Bud bought a flatbed trailer in preparation for our trip (yes, that is frost on it). We really needed a trailer for hauling lumber and other supplies out to the Little House since we are doing a lot of work on it. We had been borrowing the neighbor’s trailer, but we didn’t feel good about continuing to do that. His trailer was also a bit too large for our Chevy Malibu to pull.
We shopped around, and were able to find a trailer with full sized tires, which was better made than those we had seen at Home Depot or Lowe’s. Bud got a really good price on the trailer he found. They were out of the 4×8 Bud wanted to get, so they sold him the 5×8 for the same price.
We left at about 6:00 a.m. on Saturday morning. It was dark, cold and windy, and we were expecting it to be even colder in the Ozarks.
We went through drizzle and/or rain a good portion of the day of travel, but thankfully there was no ice on the roads, and no frozen rain or sleet.
We had three new travelers with us this time…our three new hens (Gertie, Mable and Beatrice). They were excellent travelers. It’s always a trick to pick out who is going to go in which cage with what other birds. There is a pecking order that must be maintained or vied for constantly amongst the hens. Being in close quarters with an enemy doesn’t go well sometimes.
Henrietta is ‘high strung’ and doesn’t handle stress well.
I put her in with the three new girls, and Helen- one of the few hens who can keep Henrietta in check. Everything was okay while it was dark in the back seat, but as the sun started coming up, and she realized who she was in the cage with, Henrietta freaked-out! She doesn’t like anyone invading her personal space. When she feels threatened, she goes into attack mode, and attack she did. She started pecking the other hens and going berserk, and had all of the other hens-including Helen-backed up to the edges of the cage. She didn’t let up, either. It sounded like a cat fight back there.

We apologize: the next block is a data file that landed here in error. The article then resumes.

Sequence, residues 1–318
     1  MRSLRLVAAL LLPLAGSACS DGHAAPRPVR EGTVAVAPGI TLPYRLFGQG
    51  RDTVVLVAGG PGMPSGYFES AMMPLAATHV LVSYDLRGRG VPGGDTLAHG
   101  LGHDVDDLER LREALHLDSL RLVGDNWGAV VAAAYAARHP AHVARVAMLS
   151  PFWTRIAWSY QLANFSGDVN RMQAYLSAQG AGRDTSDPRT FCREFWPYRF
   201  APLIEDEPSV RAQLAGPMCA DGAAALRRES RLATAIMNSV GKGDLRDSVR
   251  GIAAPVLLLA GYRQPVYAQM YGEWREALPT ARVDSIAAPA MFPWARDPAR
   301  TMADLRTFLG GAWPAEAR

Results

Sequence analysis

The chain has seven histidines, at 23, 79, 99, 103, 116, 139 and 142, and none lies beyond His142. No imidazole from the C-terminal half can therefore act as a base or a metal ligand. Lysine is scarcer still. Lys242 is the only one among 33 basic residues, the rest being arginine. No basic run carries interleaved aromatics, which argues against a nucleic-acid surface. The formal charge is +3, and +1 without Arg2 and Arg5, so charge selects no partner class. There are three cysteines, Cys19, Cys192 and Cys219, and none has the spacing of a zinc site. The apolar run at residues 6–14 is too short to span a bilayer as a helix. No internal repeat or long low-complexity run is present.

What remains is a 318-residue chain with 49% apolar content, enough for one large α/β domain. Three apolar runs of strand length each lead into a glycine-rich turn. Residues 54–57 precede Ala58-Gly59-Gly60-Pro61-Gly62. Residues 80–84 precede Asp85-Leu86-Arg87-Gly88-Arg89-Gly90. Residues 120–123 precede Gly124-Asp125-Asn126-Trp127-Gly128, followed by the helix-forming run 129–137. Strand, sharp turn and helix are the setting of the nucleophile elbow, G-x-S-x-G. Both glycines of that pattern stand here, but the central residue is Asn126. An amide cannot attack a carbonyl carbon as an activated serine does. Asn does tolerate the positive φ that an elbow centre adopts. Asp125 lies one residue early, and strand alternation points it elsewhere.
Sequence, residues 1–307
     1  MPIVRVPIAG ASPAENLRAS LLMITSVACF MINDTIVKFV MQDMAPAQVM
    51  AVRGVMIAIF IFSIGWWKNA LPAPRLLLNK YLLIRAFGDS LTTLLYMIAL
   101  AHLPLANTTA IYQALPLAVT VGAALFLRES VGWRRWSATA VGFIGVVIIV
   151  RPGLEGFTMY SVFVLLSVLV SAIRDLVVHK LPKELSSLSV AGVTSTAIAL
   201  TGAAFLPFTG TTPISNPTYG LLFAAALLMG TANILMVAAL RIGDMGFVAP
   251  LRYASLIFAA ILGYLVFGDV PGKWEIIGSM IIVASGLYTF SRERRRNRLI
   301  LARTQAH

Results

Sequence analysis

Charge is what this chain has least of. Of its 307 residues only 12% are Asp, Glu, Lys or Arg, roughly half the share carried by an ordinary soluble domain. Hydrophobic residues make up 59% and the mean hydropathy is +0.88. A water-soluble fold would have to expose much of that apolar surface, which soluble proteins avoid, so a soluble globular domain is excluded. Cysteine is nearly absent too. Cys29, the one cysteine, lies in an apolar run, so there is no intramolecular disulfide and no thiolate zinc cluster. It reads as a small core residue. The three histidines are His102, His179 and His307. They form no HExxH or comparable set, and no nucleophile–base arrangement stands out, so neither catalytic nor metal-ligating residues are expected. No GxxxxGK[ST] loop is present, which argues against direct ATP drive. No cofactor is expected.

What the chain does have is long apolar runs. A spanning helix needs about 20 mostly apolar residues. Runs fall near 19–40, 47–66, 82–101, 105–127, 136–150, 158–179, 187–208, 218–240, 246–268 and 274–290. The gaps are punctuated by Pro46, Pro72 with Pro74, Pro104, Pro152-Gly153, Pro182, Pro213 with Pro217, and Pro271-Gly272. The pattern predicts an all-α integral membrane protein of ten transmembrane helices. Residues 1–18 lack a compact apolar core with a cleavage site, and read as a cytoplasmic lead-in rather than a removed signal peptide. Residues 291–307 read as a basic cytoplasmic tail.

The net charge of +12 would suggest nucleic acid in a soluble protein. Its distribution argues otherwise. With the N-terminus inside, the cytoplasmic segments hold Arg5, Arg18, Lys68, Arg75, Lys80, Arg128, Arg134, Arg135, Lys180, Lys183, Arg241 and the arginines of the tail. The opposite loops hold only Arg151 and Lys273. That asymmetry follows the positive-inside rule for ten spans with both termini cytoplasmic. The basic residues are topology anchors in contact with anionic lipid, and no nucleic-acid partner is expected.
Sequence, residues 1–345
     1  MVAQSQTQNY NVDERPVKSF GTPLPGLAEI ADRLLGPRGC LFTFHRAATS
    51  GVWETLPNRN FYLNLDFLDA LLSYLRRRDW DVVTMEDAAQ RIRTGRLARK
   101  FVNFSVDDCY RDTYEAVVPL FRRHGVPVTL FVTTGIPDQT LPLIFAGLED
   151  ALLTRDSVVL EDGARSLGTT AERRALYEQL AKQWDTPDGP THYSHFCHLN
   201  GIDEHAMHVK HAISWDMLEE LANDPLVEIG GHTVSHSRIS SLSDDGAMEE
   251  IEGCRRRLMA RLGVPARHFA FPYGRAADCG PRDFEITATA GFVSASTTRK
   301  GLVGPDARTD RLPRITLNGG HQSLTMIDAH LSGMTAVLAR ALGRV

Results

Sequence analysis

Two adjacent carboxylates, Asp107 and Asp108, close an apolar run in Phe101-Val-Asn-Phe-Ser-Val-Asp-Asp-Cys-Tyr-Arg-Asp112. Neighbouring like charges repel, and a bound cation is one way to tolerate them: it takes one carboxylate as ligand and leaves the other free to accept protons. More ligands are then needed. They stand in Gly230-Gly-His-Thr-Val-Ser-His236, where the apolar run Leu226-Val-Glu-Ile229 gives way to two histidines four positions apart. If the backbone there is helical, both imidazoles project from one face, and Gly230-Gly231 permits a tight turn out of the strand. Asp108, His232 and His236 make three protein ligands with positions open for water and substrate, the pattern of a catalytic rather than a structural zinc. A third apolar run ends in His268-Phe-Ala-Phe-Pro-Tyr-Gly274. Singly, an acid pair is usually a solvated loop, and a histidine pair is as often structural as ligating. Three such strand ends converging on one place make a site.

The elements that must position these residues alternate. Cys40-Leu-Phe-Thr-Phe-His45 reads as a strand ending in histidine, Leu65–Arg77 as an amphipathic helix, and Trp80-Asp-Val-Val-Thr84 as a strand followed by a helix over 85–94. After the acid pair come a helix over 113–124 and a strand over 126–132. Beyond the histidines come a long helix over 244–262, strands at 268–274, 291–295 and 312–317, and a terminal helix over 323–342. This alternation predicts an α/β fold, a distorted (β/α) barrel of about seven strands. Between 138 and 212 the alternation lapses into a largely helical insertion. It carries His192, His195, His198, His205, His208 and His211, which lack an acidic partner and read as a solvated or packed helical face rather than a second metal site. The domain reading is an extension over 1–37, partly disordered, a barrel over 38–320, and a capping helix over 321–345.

Bud was driving, and pulling our new flat bed trailer, which was stressful enough already. I sent an email via the I-phone to my sister and asked her to pray. She is a prayer warrior. I’m telling you…her prayers get answered! Time and time again, I have requested prayers for one thing or another, and I get help almost immediately.
Simba (our cat) was upset by all of the ruckus and started howling. His pet carrier was tied very securely on top of the chicken cages behind the driver’s seat headrest. I decided to let him out on my lap, and then Bud had the idea to put Henrietta in the pet carrier. Brilliant idea which could only be God-inspired. It worked like a charm! We didn’t hear another peep from her after that for the entire trip, and everything settled down in the back seat.
Simba was fine for a while. He enjoyed being on my lap and getting the attention.
I do realize that this is not a safe way for him to travel, but desperate times call for desperate measures, and given the choice of Bud having a wreck and killing us ALL, I took a chance and did what we needed to do at the time. It’s not ‘ideal’ to take the chickens and cat with us, but hiring a pet sitter for that long is prohibitive. I just can’t wait till we are finally up there for good and all of this traveling back and forth is not necessary.